What it’s like to work in ‘Britain’s Oldest Original Headshop’
‘I recall, a man led his family in, then stalled and mumbled, “Ahh! Druggy shop! Druggy shop!”’
Norwich is a university town with many distinct and offbeat stores, one of them being Head in the Clouds, a shop founded in the 1970s which is still in business today.
We spoke to Jake Wyatt – the son of the founder of Head in the Clouds – about what it’s like to work in a headshop, what kind of products Head in the Clouds sells, how the counter-cultural market has changed over the years, and the most recent legal-high ban.
Your website has the headline “Britain’s Oldest Original Headshop”. Can you briefly comment on the history of Head in the Clouds?
Head in the Clouds was established by my father, Martin Wyatt, at 13 Pottergate in 1971, in the area now known as the Norwich Lanes. It was not the first headshop to emerge from the hippie movement, but it has outlived those in the UK that came before it. The business model is best expressed in Dad’s poem adorning our huge paper bag which we’ve been using since our founding year:
From yonder oriental shore,
from Kathmandu and Bangalore,
We’ve gathered ethnic homespun goods,
clothes, footwear, caskets made from woods.
For your delight all’s here displayed,
midst incense, candles, crafts handmade.
But our real gift is love and peace;
We pray that worldly strife may cease.
Tranquillity is th’aspired lifestyle;
Put your Head in the Clouds and tarry awhile.
Over the years, in brief, many things have occurred, the best of which involved love and peace. It’s always been a community hub, and not just a business but a way of life.
Describe your average day at working in Head in the Clouds.
After opening at 9:30, we respond to the needs of the day: welcoming customers, selling, tidying, refilling shelves, unboxing deliveries, putting out new stock, tweaking displays, drinking tea and coffee, answering the phone, chatting to lovely people, burning incense, recycling, compiling orders and ringing wholesalers, going to lunch, going to the toilet, taking photographs to go online, laughing, cuddling, and dancing. Then vacuuming, before closing up at 6.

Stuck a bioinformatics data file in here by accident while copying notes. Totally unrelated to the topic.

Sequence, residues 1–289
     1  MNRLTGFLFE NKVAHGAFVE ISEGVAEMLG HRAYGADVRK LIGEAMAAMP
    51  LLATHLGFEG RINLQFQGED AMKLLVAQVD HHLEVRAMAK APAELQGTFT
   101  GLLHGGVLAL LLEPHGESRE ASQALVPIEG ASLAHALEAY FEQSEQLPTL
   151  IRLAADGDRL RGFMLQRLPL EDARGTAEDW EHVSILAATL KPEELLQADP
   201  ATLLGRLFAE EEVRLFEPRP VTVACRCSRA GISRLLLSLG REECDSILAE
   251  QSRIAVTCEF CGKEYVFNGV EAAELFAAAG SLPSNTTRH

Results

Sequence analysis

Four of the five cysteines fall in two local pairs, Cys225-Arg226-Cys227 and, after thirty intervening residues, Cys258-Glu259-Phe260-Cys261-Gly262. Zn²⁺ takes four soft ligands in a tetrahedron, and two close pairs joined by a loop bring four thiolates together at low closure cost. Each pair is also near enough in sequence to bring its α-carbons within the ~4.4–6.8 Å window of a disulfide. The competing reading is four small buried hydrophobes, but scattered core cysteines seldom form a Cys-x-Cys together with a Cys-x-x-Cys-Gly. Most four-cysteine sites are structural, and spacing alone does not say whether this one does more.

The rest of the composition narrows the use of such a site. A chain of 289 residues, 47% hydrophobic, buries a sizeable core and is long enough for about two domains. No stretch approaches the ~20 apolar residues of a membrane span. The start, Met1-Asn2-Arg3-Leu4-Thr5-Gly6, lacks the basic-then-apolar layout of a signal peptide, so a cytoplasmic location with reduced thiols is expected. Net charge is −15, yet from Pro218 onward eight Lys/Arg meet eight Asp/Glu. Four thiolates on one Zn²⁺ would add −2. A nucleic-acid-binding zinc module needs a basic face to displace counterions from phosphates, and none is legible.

What kind of people usually come to your store?
A diverse and marvellous range of all humankind, of all ages and backgrounds, interested in seeking out alternative gifts and colourful clobber, seduced by exotic aromas, keen to find keys to enlightenment, wanting a transcendental experience, or to fulfil a sacred teenage rite of passage in buying their first lighter!
What are your most popular products?
At the moment, our best selling stock are incense sticks, rolling papers, lighters, hair dyes, herb grinders, plastic baggies, tins, acrylic bongs, metal and glass pipes, shisha pipes and molasses, rings, brass earrings and silver hoops, anklets and bracelets, fragrance oils and oil burners, digital scales, henna tattoo cones, salt lamps, stickers, bedspreads, cannabis seeds, tumbled crystals, shirts, skirts and dresses, low-crotch harem pants, hooded jerga jackets, tai chi shoes, moneybelts, purses, Nepalese prayer flags, and dream catchers.
How has your shop responded to the market over time? What trends or products have gone in fashion then out of fashion? How has the counter-cultural market changed over the years?
Part of the magic of our shop is that people seem convinced that it hasn’t changed since it opened, but this is a wonderful nonsense.
Our range of clothes is constantly evolving, but forever strong on the hippie bohemian front – that will always be a thing – the fashion of the proletariat and those aspiring to get in touch with their inner light.
In the ‘70s, we were selling Afghan coats and loon pants; then anything velvet, and loads of black, lacy outfits and cloaks when the Goth scene was thriving in the ’80s and ’90s. Goth has come back into fashion now, but we’re too into colour. As one of our customers exclaimed recently, “There’s just colour everywhere! There’s nothing better than colour!” Tie-dye and rainbow designs have always been popular.